Dennis Scott has seen the enemy and it is a potato chip.
It will be a difficult battle, but defeating this crispy, crunchy, greasy foe could prove crucial to whether Scott meets the lofty expectations he brought to Georgia Tech.
Scott and the basketball Yellow Jackets will be in Cole Field House Monday night at 9 to face Maryland in an important Atlantic Coast Conference game. It also will be something of a homecoming for Scott, who is originally from Hagerstown, Md., and graduated last year from Flint Hill in Oakton.
When Scott went to Atlanta last fall to enroll as a freshman at Tech, he was considered one of the nation's best high school players. He also brought a few extra pounds on his 6-foot-7 frame, with the needle on the scale closer to 300 than 200.
"I think he's handled it all very well," Georgia Tech Coach Bobby Cremins said. "The process started with the publicity he got as a senior in high school. There was the controversy in not making the SAT and then he did a great job working his tail off and did pass it. I told him not to play after his season was over, to just forget basketball and put all his energy into academics. He was above average in the ACT and passed the SAT.
"But in not playing, he put on weight, and when he went into the Olympic Festival over the summer, he got a touch of criticism. But he is a great kid. And like any other freshman he needs to learn that it's a whole new ball game. You just can't step in and take over."
The "controversy" concerning the SAT stemmed from the fact that Scott had to take the test several times before he made a score high enough to satisfy the requirements of Proposition 48.
"I was nervous the first time," Scott said. "But then I passed it. I got a 700-something and 24 on the ACT."
As for the weight, Scott said he is about 230, having lost 25 pounds.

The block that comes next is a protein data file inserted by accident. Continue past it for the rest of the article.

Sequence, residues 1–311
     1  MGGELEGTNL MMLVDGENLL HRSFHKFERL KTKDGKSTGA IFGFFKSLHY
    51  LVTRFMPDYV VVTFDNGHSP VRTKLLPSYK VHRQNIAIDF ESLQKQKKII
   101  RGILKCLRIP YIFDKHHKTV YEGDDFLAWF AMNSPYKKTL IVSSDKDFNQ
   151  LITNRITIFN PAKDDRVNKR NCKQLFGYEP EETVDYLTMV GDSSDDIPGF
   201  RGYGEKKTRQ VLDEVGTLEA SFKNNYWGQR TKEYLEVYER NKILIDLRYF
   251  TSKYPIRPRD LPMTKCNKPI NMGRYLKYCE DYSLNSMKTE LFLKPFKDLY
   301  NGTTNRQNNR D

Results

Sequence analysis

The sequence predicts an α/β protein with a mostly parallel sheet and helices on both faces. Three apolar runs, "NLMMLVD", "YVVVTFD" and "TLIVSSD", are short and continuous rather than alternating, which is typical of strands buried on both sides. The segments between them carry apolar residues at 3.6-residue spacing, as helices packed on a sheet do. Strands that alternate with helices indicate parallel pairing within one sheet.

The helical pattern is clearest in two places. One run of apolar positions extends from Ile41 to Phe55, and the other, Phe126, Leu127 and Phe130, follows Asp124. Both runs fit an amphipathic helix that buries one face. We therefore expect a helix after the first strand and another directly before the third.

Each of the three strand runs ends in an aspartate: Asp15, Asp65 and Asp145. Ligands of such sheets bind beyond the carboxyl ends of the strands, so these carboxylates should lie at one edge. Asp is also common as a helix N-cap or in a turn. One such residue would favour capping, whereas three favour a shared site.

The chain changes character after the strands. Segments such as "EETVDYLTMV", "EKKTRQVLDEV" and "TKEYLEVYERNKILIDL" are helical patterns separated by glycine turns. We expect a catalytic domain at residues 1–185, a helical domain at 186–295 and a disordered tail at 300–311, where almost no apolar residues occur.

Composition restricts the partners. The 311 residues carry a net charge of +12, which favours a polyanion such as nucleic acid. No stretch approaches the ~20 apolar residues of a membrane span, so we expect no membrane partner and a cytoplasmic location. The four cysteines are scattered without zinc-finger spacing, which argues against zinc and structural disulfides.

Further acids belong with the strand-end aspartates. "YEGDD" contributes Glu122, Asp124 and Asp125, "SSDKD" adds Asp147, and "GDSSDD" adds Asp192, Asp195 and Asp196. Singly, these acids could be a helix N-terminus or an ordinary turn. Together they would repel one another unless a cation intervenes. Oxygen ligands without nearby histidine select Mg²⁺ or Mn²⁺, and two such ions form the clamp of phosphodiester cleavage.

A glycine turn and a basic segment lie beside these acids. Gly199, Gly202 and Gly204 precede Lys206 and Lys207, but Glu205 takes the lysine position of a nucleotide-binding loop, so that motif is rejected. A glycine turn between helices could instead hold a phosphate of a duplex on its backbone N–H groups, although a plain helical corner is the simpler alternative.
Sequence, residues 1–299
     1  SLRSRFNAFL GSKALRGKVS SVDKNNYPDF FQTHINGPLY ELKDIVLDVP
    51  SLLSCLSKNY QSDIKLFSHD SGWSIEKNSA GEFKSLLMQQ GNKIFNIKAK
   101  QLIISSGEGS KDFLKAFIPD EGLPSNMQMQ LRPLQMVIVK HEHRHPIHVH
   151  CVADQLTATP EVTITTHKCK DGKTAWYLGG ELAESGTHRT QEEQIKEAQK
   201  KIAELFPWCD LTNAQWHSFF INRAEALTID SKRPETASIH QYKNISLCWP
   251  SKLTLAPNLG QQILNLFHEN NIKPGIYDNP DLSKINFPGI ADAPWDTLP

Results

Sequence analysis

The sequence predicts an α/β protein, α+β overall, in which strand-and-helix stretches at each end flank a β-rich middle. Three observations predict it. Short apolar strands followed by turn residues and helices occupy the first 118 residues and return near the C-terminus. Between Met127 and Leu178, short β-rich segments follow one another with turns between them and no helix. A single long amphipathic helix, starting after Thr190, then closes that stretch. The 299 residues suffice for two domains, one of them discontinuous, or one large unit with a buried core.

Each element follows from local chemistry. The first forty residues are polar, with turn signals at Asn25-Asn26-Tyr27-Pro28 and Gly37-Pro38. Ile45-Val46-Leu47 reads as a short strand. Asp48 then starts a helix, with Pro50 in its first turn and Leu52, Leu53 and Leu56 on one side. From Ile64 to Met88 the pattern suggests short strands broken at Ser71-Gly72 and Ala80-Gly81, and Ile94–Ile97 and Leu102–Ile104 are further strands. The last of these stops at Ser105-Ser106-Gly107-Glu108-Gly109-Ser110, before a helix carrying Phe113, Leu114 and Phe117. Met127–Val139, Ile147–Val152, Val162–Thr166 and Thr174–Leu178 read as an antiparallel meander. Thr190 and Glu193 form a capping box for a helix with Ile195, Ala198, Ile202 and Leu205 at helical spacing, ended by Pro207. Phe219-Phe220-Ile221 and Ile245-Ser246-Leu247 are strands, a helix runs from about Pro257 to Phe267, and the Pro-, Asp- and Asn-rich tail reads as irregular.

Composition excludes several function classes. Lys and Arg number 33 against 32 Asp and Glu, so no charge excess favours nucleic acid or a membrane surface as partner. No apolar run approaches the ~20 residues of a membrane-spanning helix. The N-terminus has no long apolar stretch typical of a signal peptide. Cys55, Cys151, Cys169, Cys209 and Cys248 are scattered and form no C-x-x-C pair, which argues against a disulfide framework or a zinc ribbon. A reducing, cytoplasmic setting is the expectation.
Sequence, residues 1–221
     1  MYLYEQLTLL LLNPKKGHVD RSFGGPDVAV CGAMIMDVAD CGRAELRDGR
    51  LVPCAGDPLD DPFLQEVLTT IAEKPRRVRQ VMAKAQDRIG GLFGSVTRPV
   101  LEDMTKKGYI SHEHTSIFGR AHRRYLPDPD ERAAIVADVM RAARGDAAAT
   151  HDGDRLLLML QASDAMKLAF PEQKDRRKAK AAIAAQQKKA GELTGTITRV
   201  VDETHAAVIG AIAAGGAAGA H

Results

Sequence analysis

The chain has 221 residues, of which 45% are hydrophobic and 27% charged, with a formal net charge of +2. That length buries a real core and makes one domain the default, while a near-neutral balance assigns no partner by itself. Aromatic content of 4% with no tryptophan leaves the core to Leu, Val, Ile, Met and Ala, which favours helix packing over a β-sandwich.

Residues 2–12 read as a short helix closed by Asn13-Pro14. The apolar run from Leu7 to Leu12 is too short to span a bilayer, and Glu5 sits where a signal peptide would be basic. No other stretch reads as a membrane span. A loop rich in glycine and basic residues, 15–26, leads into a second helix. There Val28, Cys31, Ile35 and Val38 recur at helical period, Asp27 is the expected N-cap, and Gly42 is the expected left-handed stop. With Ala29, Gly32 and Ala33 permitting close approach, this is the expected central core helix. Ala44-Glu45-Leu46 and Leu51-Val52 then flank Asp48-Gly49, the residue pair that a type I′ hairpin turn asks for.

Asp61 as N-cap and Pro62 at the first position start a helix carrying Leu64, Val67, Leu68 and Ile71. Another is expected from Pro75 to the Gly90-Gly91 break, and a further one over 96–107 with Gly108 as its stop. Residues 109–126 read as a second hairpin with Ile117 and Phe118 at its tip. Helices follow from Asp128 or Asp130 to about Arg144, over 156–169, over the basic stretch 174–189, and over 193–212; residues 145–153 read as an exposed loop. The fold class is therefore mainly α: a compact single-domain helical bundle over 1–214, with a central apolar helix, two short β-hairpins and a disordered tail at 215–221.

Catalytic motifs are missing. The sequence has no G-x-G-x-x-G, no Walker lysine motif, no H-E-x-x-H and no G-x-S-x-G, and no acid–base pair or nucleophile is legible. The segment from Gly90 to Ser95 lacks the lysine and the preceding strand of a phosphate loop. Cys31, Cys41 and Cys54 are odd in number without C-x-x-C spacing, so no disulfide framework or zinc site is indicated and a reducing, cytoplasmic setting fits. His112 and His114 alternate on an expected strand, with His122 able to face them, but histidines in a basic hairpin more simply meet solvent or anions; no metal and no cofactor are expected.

"During the summer, I would play ball and with nothing to do the next day, I might go out to a party," Scott said. "I'd come home at 1 or 2 in the morning and eat a heavy meal and go to sleep on it. My cousin has a beach house and I was there every other weekend. Next thing I know, I'm 20 or 25 pounds overweight."
The cure was simple. No Jane Fonda. No Nutri-systems.
"It wasn't like salads only," Scott said. "I practiced hard and did a little extra running. No special diet plan. Just three meals a day, and cut out the chips late at night."
Scott recognized that there was the potential for resentment of him by Tech teammates.
"That's one thing which got off to a good start," Scott said. "The players were behind me 100 percent. I thought there might be some conflict because of my reputation, but it's been no problem."
Senior forward Duane Ferrell agreed, saying, "We're too close as a team for that to happen. He got a reputation in high school, but the way I look at it, you get what you deserve."
"It didn't bother me," said Tom Hammonds, Tech's 6-9 junior forward, "and I don't think it bothered anybody else on the team. Dennis keeps things loose. He knows when it's time to joke, but he also knows when it's time to play."